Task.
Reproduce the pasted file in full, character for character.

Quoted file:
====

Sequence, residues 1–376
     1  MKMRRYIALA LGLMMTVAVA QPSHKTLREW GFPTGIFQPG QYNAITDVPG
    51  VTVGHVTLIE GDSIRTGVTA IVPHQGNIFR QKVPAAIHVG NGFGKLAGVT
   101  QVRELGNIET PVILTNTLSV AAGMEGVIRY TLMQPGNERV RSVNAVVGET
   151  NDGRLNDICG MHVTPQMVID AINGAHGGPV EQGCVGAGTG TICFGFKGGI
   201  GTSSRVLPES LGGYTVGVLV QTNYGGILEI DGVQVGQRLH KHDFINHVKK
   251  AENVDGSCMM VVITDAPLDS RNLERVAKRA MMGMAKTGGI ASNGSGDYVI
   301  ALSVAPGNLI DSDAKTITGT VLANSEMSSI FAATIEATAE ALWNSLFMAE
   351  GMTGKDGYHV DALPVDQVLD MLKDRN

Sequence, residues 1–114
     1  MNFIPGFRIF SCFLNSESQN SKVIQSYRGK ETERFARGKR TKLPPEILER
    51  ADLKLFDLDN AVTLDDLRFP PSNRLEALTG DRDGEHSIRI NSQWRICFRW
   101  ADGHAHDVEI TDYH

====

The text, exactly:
Sequence, residues 1–376
     1  MKMRRYIALA LGLMMTVAVA QPSHKTLREW GFPTGIFQPG QYNAITDVPG
    51  VTVGHVTLIE GDSIRTGVTA IVPHQGNIFR QKVPAAIHVG NGFGKLAGVT
   101  QVRELGNIET PVILTNTLSV AAGMEGVIRY TLMQPGNERV RSVNAVVGET
   151  NDGRLNDICG MHVTPQMVID AINGAHGGPV EQGCVGAGTG TICFGFKGGI
   201  GTSSRVLPES LGGYTVGVLV QTNYGGILEI DGVQVGQRLH KHDFINHVKK
   251  AENVDGSCMM VVITDAPLDS RNLERVAKRA MMGMAKTGGI ASNGSGDYVI
   301  ALSVAPGNLI DSDAKTITGT VLANSEMSSI FAATIEATAE ALWNSLFMAE
   351  GMTGKDGYHV DALPVDQVLD MLKDRN

Sequence, residues 1–114
     1  MNFIPGFRIF SCFLNSESQN SKVIQSYRGK ETERFARGKR TKLPPEILER
    51  ADLKLFDLDN AVTLDDLRFP PSNRLEALTG DRDGEHSIRI NSQWRICFRW
   101  ADGHAHDVEI TDYH